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Old August 16th, 2008, 07:42 PM   #1
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Premiere CS3 and hard disc damage?

I have just installed a trial copy of Premier Pro CS3. The install completed without error. I re-booted. Starting PPro took about 10 minutes :(. I then connected my video camera using a USB connection. I've used the camera on this computer before with no problems but, for some reason, the computer claimed the camera was new hardware when I connected it tonight. It failed to find a suitable driver and then, sent my screen to black and tried to re-boot. The re-boots all fail.

I have tried multiple re-boot sequences (including safe mode) with no success. It starts booting, asking about safe mode. I then get the initial Windows logo page but immediately, an error message flashed on the screen (too fast to read) and the computer tries to re-boot again. I did a boot from my original XP CD-ROM and asked for a 'repair'. That failed with an error message about a hard disc configuration error. The error came from NTFS.SYS. It asked my to run CHKDSK but, I can't do that if I can't boot :( My CMOS settings are correct.

My computer is an HP a1320n Multi-media computer with 1GB RAM and a 250GB hard disc. About 12 months ago, I erased the MCE OS and did a clean install of XP with SP2. It has worked smoothly since then, doing audio processing with Sony Soundforge. I do have the disc partitioned to dual boot XP and Linux (the Linux boot option isn't being recognized now either).

Can anyone help me with this? Given that my camera worked fine when I was testing a trial version of Sony Vegas a couple of months ago, and that I haven't changing anything except installing a trial version of PPro CS3 (and Photoshop), I think the problem relates to that installation. But, right now, I just want to recover my ability to boot.

Thanks in advance for any help.
Nick Birkett is offline   Reply With Quote
Old August 17th, 2008, 04:40 AM   #2
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I presume you have tried "Last known good configuration" boot option. It fixed a problm like this nearly all times I tried it. But if you even tried to repair XP installation, I guess that won't help you either. Try to unplug ALL devices from your PC, including disabling onboard peripherals in BIOS.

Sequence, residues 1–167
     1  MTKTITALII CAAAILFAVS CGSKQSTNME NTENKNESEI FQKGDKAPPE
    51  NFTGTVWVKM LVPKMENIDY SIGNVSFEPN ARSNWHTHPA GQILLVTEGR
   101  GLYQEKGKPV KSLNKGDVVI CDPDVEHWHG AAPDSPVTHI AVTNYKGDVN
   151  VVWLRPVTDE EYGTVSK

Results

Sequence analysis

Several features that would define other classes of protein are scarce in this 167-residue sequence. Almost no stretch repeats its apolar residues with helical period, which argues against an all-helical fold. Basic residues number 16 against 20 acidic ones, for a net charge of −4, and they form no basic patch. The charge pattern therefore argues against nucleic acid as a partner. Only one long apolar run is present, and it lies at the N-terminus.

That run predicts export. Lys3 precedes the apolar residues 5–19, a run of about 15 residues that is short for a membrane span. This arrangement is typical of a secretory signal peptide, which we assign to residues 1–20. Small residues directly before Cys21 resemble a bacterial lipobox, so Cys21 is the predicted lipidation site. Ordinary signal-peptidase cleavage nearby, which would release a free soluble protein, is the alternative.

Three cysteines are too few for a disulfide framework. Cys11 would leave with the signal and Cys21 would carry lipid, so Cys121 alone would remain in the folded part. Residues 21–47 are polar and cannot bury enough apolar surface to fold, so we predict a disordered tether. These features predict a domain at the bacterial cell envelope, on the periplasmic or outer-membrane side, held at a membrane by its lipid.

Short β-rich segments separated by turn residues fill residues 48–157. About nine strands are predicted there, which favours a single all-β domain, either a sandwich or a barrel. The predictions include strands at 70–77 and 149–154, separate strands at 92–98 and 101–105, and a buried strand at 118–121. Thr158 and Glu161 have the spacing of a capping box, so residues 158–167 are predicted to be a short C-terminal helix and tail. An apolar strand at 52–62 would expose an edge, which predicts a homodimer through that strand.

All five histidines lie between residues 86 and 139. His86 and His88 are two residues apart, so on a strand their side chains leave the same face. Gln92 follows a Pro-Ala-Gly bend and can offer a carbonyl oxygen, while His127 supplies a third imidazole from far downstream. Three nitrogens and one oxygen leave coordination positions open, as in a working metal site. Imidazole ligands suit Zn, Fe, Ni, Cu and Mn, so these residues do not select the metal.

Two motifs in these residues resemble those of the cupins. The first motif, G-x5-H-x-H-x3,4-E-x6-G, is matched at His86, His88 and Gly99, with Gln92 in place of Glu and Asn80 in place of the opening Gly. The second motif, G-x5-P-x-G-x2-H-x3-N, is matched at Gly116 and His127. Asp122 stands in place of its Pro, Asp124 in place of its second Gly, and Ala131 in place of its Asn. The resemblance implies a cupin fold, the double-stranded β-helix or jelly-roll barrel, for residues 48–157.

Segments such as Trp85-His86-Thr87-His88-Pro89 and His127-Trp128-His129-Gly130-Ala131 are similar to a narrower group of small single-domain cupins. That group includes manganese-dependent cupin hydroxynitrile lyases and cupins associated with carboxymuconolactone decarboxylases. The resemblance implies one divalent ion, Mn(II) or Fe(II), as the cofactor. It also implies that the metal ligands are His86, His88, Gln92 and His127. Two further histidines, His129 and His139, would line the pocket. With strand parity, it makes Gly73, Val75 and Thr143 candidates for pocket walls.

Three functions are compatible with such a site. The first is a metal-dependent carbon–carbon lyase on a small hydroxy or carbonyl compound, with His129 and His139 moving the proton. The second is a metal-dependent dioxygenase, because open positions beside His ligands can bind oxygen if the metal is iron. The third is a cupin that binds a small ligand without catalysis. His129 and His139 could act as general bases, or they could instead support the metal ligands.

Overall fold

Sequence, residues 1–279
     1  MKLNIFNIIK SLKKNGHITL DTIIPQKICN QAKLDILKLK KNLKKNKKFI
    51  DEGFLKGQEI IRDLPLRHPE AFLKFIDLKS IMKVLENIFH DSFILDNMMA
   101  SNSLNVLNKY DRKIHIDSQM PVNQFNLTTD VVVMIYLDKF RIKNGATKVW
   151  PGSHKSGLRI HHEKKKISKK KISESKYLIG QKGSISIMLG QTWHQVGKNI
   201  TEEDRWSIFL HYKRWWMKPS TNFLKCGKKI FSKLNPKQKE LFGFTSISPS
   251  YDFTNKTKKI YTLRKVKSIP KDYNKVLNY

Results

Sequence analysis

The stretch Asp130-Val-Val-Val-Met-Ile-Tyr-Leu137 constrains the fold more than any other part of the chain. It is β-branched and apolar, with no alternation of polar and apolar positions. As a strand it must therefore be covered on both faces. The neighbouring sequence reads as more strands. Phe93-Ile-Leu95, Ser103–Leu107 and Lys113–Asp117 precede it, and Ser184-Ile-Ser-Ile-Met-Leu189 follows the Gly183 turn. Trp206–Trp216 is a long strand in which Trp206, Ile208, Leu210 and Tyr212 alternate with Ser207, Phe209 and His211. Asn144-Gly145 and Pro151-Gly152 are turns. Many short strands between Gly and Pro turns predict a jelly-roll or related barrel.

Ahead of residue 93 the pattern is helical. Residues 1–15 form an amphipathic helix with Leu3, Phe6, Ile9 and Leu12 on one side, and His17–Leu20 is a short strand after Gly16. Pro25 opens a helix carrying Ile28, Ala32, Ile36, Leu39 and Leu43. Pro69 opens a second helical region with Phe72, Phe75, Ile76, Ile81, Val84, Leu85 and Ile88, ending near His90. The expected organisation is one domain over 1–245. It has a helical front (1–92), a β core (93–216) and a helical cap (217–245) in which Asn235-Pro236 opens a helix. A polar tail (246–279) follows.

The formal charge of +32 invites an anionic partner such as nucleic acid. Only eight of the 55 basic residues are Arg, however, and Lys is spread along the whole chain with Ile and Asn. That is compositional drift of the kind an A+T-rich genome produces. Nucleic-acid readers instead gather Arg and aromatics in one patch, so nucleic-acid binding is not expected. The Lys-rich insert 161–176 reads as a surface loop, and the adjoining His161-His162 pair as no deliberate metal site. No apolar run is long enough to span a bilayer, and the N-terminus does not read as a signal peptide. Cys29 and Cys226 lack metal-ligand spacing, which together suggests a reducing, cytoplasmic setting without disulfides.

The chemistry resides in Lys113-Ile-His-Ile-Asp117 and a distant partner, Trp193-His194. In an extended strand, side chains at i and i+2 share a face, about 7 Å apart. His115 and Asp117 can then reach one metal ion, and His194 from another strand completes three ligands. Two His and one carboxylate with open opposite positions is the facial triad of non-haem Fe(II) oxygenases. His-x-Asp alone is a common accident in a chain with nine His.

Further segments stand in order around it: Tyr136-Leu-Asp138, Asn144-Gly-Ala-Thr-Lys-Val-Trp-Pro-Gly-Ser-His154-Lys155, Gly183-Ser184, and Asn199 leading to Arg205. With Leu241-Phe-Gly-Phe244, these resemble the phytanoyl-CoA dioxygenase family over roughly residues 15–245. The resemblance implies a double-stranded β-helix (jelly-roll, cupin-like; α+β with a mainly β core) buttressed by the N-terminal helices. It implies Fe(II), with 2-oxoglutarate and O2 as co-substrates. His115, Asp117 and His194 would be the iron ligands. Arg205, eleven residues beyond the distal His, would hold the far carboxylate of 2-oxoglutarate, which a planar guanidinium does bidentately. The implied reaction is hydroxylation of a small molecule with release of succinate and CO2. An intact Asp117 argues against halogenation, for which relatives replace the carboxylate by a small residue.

I don't think this is related to Vegas or your camcorder, because these don't modify any boot files and the camcorder driver is loaded only after you plug it in. It looks like a classic hard drive damage. Unplug your drive, stick it into another computer and check it from there.
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Old August 17th, 2008, 08:58 AM   #3
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Fixed it. I did an extensive goggle search and found quite a lot of discussion about this error, dating back to 2004. The best thread was here (Cannot boot xp. ntfs.sys blue screen 0x00000024 - TechSpot OpenBoards). Check out page 6, the posting by Grundle, for the clearest explanation of the solution I used. Essentially, it involved booting a CD-ROM version of LINUX (Knoppix) and then running an ntfsfix programme. After that, booting in Windows let the chkdsk programme run and correct about 50 file errors. Things are looking OK (the boot and file access works). I'll check out my camera and PPro later today.
Nick Birkett is offline   Reply With Quote
Old August 18th, 2008, 06:42 PM   #4
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Nick... CS3 can do some odd things, but this is a first. Consequently I tend to doubt that CS3 is the culprit. As Jiri said, your drive is taking the run-of-the-mill dirt nap.

If you don't have another machine to put the drive in, try booting from the OS installation disk or another bootable CD or DVD.
Tripp Woelfel is offline   Reply With Quote
Old August 18th, 2008, 06:48 PM   #5
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You might want to invest $80 and get a copy of SpinRite from If your drive is going flaky and it's spewing random data across the drive - causing corruption to the file system - SpinRite will find it, recover the data if at all possible, then mark the bad sectors so they're never used again. SpinRite is written in machine code, so it's about 80k bytes... the best $80 you'll ever spend on disk recovery software! I've heard many stories of SpinRite recovering "dead drives." Sometimes the data has been so important to the user that they've lfet SpinRite running uninterrupted for weeks and when it finished, all the data was recovered! It's good for standard drive maintenance too. As I type this, my computer at home is runing SpinRight on the boot drive to "freshen" the drive and check for any bad sectors. It's going to take about 20 hours on a 250GB drive.
Julian Frost is offline   Reply With Quote
Old August 18th, 2008, 07:08 PM   #6
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Nice. I haven't heard of SpinRite. Sounds like something to look into.
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